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  • Things I didn’t know: “Check for updates” in Win10 1903 now warns about optional and feature updates

    Posted on September 5th, 2019 at 07:37 woody Comment on the AskWoody Lounge

    I must’ve been sleeping when this announcement hit the waves:

    Best I can tell, as is so often the case, Ed’s right. It looks like Microsoft has fixed one of the most abominable come-ons in Windows history. In every test I could come up with, clicking Check for Updates only in Win10 1903, triggers an “Optional updates available” notice and “Download and install now” link, instead of just carpet bombing the PC with anything in the update bucket.

    Are any of you seeing anything different? It hasn’t always been so.

    If that behavior’s true and consistent, I now have a second good reason (after Pause updates on Home) to upgrade to 1903.

    A related observation: It looks like we’ve definitively lost the user interface for “Choose when updates are installed” in Win10 1903 Pro if either feature or quality deferrals are non-zero. At first I thought that was a bug. Now I guess it’s a … feature?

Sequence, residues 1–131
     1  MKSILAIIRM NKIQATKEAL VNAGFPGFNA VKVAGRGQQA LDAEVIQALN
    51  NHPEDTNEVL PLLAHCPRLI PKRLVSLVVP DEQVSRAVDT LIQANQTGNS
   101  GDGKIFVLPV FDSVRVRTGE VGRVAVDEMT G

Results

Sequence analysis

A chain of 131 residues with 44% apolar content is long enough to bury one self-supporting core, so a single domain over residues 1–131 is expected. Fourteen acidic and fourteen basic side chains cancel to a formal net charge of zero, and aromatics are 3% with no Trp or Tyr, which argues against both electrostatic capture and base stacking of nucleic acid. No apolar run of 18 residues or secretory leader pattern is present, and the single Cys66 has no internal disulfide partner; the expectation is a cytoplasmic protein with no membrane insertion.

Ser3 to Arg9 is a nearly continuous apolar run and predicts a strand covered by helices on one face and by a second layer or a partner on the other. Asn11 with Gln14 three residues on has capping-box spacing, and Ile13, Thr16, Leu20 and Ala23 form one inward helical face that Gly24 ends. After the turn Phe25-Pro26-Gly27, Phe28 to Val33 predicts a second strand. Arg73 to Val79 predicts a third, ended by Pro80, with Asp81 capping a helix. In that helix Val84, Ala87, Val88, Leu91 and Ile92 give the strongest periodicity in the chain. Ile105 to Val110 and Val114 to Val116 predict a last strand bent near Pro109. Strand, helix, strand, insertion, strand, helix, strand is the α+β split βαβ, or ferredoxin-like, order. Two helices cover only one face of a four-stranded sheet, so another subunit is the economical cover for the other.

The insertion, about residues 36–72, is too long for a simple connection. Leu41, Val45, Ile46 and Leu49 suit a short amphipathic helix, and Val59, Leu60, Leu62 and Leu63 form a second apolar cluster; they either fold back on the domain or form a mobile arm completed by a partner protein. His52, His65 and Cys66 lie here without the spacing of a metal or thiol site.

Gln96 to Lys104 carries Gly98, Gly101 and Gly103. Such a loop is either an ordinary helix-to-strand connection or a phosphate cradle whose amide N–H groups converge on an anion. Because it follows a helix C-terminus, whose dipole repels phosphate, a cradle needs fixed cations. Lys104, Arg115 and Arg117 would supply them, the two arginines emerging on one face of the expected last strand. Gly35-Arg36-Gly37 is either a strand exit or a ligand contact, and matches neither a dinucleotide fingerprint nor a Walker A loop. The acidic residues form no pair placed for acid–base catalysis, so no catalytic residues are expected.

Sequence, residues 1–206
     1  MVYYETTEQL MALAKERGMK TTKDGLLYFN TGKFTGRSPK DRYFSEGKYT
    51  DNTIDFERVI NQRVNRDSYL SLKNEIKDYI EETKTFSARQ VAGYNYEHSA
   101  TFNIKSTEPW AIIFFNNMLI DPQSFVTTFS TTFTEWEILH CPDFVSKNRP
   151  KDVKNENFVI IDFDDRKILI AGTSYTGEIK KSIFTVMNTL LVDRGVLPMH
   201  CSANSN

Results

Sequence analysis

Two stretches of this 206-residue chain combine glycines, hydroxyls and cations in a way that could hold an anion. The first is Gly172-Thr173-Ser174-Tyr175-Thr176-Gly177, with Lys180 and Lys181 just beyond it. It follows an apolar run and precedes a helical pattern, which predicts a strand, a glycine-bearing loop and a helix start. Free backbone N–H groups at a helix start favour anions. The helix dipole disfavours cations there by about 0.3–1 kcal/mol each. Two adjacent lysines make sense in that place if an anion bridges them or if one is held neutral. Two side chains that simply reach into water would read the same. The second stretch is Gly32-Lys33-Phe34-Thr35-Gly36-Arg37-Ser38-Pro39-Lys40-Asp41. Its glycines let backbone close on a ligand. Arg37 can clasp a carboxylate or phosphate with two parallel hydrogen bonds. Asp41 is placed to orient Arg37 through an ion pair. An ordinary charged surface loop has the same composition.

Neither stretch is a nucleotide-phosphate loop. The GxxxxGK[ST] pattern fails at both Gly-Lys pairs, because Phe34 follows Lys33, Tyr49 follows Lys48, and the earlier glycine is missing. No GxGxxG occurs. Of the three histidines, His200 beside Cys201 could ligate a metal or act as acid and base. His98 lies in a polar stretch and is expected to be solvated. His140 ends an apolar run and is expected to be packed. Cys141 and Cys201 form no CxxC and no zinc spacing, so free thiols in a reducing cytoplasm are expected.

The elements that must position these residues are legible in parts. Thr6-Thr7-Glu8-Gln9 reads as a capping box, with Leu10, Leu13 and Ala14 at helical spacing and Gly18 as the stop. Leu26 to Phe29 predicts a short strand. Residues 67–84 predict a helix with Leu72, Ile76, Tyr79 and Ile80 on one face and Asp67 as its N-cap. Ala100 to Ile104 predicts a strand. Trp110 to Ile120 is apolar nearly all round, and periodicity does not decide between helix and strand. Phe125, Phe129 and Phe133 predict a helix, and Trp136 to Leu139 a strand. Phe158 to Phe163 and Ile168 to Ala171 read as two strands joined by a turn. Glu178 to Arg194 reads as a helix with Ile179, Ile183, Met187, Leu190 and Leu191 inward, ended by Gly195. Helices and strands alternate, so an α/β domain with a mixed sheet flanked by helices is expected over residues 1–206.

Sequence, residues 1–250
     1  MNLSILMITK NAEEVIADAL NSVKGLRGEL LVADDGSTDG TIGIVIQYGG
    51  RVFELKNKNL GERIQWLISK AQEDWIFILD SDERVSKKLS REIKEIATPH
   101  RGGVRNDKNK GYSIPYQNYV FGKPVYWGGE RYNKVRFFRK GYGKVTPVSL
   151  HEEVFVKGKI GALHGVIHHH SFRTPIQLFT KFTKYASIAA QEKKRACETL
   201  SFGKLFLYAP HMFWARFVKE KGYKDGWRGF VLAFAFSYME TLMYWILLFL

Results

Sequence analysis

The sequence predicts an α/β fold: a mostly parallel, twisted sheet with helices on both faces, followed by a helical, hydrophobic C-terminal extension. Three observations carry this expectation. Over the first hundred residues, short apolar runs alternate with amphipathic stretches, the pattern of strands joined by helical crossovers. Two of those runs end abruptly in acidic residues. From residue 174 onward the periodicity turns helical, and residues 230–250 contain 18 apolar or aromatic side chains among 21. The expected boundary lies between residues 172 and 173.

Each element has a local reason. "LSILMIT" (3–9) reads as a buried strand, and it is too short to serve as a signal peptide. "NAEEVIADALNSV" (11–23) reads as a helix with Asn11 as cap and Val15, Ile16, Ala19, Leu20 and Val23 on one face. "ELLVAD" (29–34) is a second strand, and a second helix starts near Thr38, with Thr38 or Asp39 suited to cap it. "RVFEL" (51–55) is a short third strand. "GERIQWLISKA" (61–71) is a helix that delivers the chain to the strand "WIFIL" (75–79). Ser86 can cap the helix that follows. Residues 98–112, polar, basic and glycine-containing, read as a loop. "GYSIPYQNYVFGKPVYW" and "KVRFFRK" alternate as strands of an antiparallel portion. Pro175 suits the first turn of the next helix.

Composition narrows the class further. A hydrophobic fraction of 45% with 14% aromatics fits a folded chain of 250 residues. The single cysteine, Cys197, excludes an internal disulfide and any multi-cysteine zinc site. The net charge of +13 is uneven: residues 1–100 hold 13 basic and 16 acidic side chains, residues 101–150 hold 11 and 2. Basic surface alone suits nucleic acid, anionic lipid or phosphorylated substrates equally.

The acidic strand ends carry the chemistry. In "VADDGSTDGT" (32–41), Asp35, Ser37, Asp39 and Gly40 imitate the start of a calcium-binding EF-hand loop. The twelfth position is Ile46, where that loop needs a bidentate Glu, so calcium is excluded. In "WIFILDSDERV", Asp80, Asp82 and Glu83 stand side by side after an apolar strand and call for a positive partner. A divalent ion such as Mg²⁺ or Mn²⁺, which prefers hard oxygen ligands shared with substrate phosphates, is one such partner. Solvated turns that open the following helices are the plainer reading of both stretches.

UPDATE: Ed just changed his long-standing ZDNet explainer about Windows updating. He’s included a section on this new “Download and install now” behavior for “optional” (= not Patch Tuesday) patches.

    As of version 1903, Windows 10 no longer installs feature updates automatically. Instead, as with the optional cumulative updates delivered in the “C” and “D” weeks, the update is listed as available in Windows Update, but you have to click Download And Install to kick off the installation. This change affects all editions, including Windows 10 Home.

    As best I can tell, that behavior changed very recently. It may have coincided with the change in the appearance/disappearance of the “Choose when updates are installed” part of the user interface in Win10 1903 Pro.

    There’s a whole lot of paddling going on beneath the surface. Fortunately, the changes (if they work the way Ed describes) are definitely in the right direction.

    Details in Computerworld Woody on Windows.